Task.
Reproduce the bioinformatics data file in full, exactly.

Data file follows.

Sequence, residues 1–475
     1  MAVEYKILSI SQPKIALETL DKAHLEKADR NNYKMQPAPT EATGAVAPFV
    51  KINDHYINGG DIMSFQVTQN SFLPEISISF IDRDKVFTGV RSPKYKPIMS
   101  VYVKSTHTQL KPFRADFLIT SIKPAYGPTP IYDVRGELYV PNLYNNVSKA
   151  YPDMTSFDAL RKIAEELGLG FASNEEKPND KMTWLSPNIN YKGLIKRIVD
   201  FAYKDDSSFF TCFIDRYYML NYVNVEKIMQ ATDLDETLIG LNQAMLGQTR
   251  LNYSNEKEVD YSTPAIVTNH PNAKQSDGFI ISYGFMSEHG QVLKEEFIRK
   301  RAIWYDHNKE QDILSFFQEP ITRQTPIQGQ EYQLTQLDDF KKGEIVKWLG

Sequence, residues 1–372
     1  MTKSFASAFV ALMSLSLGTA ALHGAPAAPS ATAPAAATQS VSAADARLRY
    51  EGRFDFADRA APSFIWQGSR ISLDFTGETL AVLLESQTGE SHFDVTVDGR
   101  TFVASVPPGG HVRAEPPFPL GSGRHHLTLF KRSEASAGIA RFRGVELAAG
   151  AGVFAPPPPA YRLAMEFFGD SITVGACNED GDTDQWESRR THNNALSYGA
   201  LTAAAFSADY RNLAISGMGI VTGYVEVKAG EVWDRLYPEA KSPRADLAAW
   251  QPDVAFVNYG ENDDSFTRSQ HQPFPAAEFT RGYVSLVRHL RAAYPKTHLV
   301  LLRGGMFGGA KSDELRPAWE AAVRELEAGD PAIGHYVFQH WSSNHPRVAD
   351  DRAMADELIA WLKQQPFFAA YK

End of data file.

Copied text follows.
Sequence, residues 1–475
     1  MAVEYKILSI SQPKIALETL DKAHLEKADR NNYKMQPAPT EATGAVAPFV
    51  KINDHYINGG DIMSFQVTQN SFLPEISISF IDRDKVFTGV RSPKYKPIMS
   101  VYVKSTHTQL KPFRADFLIT SIKPAYGPTP IYDVRGELYV PNLYNNVSKA
   151  YPDMTSFDAL RKIAEELGLG FASNEEKPND KMTWLSPNIN YKGLIKRIVD
   201  FAYKDDSSFF TCFIDRYYML NYVNVEKIMQ ATDLDETLIG LNQAMLGQTR
   251  LNYSNEKEVD YSTPAIVTNH PNAKQSDGFI ISYGFMSEHG QVLKEEFIRK
   301  RAIWYDHNKE QDILSFFQEP ITRQTPIQGQ EYQLTQLDDF KKGEIVKWLG

Sequence, residues 1–372
     1  MTKSFASAFV ALMSLSLGTA ALHGAPAAPS ATAPAAATQS VSAADARLRY
    51  EGRFDFADRA APSFIWQGSR ISLDFTGETL AVLLESQTGE SHFDVTVDGR
   101  TFVASVPPGG HVRAEPPFPL GSGRHHLTLF KRSEASAGIA RFRGVELAAG
   151  AGVFAPPPPA YRLAMEFFGD SITVGACNED GDTDQWESRR THNNALSYGA
   201  LTAAAFSADY RNLAISGMGI VTGYVEVKAG EVWDRLYPEA KSPRADLAAW
   251  QPDVAFVNYG ENDDSFTRSQ HQPFPAAEFT RGYVSLVRHL RAAYPKTHLV
   301  LLRGGMFGGA KSDELRPAWE AAVRELEAGD PAIGHYVFQH WSSNHPRVAD
   351  DRAMADELIA WLKQQPFFAA YK